• The search for equality is sometimes interpreted as a war against men
Today, the world is celebrating International Women’s Day. A day that is marked to celebrate women’s achievements and to raise awareness about equality and gender parity.
At the heart of lobbying for gender parity is the feminist movement, a movement that is immensely misunderstood in Kenya. At the mention of the word ‘feminist’, the picture that comes to mind is that of the women who call in during radio talk shows to tell us how their men are what they consider to be trash.
There are various theories about the origin of feminism, which makes it difficult to establish which is true. However, the common denominator in all of them is that it was a movement aimed at progressing the rights of women and ensuring equality of the sexes.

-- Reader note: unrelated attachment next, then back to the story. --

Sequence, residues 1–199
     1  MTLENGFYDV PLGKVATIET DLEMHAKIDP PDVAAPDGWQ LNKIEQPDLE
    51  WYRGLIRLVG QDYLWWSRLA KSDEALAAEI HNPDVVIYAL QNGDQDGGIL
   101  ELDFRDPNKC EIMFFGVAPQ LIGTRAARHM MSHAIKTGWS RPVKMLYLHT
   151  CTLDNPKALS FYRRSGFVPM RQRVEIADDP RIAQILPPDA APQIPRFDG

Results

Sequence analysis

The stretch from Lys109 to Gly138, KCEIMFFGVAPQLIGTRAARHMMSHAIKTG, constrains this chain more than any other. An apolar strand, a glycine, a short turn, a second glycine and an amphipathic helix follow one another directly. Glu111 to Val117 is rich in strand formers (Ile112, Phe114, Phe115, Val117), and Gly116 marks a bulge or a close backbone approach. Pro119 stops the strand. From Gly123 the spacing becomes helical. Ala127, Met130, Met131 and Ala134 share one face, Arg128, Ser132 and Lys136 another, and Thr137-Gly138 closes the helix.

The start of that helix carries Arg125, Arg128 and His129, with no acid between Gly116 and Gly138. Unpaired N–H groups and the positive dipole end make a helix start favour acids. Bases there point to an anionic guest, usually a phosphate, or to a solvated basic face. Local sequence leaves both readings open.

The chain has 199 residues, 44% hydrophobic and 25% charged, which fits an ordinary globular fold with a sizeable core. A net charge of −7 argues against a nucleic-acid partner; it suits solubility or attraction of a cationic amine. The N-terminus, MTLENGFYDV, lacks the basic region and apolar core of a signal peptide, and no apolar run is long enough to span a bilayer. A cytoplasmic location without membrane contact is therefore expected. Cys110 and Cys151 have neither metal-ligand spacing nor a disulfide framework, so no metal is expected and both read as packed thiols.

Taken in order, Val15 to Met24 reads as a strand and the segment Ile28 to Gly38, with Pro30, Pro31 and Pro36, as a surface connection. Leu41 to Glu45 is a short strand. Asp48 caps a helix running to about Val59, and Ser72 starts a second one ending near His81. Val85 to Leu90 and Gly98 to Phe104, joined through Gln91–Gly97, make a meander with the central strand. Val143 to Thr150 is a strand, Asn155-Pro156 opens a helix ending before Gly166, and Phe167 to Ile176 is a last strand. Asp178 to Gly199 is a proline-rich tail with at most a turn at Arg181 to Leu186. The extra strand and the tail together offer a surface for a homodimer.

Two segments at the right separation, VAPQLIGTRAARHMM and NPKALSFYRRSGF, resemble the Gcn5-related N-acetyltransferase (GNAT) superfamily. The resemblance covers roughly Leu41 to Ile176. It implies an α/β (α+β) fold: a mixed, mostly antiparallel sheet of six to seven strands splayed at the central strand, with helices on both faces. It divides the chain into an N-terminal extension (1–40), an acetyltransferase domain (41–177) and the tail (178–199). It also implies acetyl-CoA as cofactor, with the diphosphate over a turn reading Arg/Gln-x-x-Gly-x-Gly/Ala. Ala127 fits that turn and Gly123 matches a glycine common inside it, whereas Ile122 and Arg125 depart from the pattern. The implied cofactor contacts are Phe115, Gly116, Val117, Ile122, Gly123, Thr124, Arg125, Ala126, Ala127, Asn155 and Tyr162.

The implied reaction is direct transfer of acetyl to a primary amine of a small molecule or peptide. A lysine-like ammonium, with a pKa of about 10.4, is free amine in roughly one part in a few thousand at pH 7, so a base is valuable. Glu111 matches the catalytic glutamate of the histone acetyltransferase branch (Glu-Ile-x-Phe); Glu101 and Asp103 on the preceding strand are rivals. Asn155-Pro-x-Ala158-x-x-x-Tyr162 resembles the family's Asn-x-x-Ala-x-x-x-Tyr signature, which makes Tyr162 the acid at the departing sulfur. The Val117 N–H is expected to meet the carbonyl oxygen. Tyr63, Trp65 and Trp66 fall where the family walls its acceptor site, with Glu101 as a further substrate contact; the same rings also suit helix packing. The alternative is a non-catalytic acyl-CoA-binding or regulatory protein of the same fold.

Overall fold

There’s no better person to know where the shoe pinches than the wearer. Perhaps, that explains why the movement was and still is predominantly championed for by women.
It’s true that some supporters of the feminist movement hold the view that men are the problem. To them, but for the existence of men, there would not be an inequality problem.
I’d advise anyone to look at them as the rotten mango in the basket. The essence of having different sexes is to complement each other, and equality can only be achieved when we have the input of women and men alike.
Some men have also found it difficult to identify as feminists because of the prefix ‘fem’ which is derived from the word ‘female’.
That said, more and more men are championing for equality. And that is the way to go. The idea behind feminism is to have equality of sexes, and we should not allow few misguided individuals to masquerade their misandry (contempt for men) as feminism. It corrupts the whole idea.
This story first appeared on Sasa Digital, accessible on Sundays by dialling *550*3#